Sunday, June 10, 2012

Marina Abramovic: the Performance Artist is Present

An innovator in her field, Marina Abramović made the seemingly ephemeral performance art collectible.  The limited edition photographic prints of her performances would play a role in her 2010 trailblazing career retrospective at the Museum of Modern Art.  While it also featured re-stagings of her famous work by a troupe of young collaborators, the cornerstone of the exhibit was a brand new Abramović performance conceived specifically for the show.  Deceptively simple, it would prove one her most physically and emotionally grueling undertakings.  Matthew Akers follows her preparations and 736 hours of on-site performance in the HBO documentary Marina Abramović: the Artist is Present (trailer here), which opens theatrically this Wednesday in New York at Film Forum.

The concept is pretty simple.  There are two chairs.  Abramović sits in one and the public queues up to sit in the other.  For a while there was a table between them, but Abramović removed during the performance.  There is no talking, just eye contact.  However, many participants find great significance in their real or perceived unspoken communication. 

From March 14th to May 31st, as long as the museum was open to the public, Abramović was in her chair.  Though her prior work is rather notorious for its extreme transgressiveness (often featuring nudity and self-inflicted physical pain), the need to be constantly “on” throughout The Artist is Present pushed her to her limits.  After all, these are New Yorkers she was facing, at least for the most part.  Any questionable character could walk in, including even James Franco, who shockingly comes across like a shallow, self-absorbed twit during his brief sit with Abramović.

If nothing else, Present the documentary will give viewers a deep appreciate for the professionalism of the MoMA’s security personnel.  They are quite impressive sweeping down on the inevitable freaks crossing the line.  However, the film makes a crucial miscalculation, assuming Abramović’s performances are so self-evidently “art,” they require no case to be made on their behalf.  Yet, the film could rather use such a manifesto moment.  It is clear Abramović’s performance becomes a cultural phenomenon, but that does not necessarily make it art.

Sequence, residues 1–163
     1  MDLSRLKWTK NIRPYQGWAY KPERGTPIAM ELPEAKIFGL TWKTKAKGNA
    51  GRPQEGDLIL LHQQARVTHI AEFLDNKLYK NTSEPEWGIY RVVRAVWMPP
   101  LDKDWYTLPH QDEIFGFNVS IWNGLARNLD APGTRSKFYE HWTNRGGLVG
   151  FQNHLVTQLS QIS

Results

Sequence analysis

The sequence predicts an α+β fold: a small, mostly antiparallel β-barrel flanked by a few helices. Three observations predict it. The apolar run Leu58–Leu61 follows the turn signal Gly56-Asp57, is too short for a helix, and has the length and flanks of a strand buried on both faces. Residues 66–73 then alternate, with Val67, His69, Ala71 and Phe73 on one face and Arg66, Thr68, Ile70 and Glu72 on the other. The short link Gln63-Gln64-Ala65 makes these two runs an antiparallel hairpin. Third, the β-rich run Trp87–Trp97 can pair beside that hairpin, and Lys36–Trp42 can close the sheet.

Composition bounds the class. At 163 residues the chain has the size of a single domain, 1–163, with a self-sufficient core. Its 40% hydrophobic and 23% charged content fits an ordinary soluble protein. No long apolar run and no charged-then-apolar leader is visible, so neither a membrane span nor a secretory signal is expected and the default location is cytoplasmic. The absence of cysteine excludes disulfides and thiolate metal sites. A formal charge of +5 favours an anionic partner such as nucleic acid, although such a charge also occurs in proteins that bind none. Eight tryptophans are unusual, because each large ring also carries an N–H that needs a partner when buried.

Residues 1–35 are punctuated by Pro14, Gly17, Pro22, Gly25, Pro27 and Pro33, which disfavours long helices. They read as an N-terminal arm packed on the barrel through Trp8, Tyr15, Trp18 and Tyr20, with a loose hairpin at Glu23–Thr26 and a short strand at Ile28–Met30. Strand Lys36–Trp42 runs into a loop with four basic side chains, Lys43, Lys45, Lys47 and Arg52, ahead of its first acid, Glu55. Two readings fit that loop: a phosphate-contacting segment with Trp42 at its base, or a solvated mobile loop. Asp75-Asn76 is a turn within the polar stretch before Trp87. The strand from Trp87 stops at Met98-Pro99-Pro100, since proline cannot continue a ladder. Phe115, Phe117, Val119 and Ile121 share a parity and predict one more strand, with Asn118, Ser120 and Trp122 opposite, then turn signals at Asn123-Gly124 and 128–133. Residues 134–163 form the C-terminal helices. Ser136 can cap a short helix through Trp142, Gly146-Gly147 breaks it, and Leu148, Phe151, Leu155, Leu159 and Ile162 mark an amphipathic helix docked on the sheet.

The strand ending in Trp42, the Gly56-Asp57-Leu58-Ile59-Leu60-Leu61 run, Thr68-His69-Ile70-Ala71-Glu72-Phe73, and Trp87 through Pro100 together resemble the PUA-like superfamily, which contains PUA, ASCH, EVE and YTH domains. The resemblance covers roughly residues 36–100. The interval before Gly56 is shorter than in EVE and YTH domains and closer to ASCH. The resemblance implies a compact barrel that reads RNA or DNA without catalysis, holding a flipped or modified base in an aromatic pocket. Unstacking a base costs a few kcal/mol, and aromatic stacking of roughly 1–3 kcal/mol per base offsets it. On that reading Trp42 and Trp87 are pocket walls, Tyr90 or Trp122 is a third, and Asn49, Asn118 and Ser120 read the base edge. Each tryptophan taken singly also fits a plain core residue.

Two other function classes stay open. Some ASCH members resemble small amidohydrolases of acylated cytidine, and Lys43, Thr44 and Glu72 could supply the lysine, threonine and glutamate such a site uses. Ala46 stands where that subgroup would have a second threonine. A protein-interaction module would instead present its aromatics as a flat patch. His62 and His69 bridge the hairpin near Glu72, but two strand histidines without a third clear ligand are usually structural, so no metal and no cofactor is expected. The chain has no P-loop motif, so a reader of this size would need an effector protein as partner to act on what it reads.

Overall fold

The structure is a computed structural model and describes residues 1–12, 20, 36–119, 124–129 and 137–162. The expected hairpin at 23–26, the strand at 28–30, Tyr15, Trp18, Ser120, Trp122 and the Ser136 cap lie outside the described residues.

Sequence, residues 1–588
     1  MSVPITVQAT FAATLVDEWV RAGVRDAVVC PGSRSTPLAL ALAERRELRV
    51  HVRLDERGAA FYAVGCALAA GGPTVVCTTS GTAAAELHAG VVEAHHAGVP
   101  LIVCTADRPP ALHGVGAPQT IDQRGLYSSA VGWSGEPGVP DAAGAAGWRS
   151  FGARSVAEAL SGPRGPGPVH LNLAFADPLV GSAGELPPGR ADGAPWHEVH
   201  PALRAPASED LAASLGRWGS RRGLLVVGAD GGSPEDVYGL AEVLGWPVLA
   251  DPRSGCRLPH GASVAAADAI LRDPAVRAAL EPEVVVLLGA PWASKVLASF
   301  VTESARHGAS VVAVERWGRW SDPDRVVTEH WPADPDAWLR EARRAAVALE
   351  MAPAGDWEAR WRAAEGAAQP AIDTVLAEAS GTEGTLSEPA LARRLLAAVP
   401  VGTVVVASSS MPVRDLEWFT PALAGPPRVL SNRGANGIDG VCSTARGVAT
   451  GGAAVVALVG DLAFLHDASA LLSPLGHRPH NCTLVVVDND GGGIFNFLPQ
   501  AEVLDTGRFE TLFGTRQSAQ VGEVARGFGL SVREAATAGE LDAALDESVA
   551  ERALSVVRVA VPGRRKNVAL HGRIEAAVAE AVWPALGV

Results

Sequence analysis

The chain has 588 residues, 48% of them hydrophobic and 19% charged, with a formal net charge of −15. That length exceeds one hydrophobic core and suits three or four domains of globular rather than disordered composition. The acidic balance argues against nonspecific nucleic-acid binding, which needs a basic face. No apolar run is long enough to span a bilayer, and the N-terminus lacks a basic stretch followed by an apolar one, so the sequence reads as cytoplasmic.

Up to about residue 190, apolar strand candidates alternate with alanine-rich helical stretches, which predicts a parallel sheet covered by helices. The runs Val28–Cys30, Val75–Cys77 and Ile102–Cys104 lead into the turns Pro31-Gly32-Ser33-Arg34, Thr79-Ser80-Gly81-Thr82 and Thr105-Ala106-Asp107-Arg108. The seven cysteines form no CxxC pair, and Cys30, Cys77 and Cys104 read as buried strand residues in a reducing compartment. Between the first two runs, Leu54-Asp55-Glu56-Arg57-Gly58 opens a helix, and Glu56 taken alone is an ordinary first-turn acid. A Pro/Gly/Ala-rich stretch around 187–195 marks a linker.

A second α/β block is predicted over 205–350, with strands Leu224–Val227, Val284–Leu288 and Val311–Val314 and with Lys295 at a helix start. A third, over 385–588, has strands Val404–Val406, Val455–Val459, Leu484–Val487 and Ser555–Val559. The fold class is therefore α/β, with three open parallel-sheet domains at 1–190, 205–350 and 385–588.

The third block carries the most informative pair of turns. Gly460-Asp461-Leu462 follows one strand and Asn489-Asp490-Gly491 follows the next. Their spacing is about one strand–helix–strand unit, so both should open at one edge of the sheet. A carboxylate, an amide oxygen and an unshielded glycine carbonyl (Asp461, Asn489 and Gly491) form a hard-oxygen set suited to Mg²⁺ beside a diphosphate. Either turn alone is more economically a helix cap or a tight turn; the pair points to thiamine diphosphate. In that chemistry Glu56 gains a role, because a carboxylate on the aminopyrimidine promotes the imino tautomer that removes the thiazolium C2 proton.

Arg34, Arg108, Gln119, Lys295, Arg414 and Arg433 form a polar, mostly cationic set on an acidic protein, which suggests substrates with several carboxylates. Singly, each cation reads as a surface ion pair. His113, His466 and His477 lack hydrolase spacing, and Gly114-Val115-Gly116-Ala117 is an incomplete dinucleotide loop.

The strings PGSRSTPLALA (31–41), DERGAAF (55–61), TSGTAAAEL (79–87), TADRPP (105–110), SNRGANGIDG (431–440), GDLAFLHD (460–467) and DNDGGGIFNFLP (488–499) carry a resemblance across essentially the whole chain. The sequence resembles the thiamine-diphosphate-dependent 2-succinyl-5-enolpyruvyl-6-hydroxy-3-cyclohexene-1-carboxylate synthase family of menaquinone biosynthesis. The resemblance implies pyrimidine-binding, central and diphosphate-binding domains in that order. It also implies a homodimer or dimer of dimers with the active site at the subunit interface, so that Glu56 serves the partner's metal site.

Indeed, more cultural-historical context would help aesthetically conservative viewers come to terms with Abramović and her performances.  The daughter of an overbearing military martinet of a mother, recognized as a hero of Communist Yugoslavia, Abramović herself acknowledges the influence of her excessively disciplined early years on her outré art.  However, the subversive use of Communist and Russian imagery in her early performances is never explored in depth.  Neither does Akers ever push for her perspective on the early 1990’s Bosnian War as an expatriate Serbian, even though it is an issue that will surely cross the mind of most viewers.

An accomplished cinematographer, director-dp Akers films Abramović with sensitivity bordering on reverence.  Frankly, he might have become too close to his subject.  While the overwrought emotional responses of many sitters may have seemed appropriate to those sharing the moment, it looks more than a little bizarre on screen.  The resulting film is often fascinating, but it rather feels like reality television for the elite of the gallery world.  Recommended for partisans of the avant-garde, Marina Abramović: the Artist is Present opens this Wednesday (6/13) at Film Forum, ahead of its HBO broadcast on July 2nd.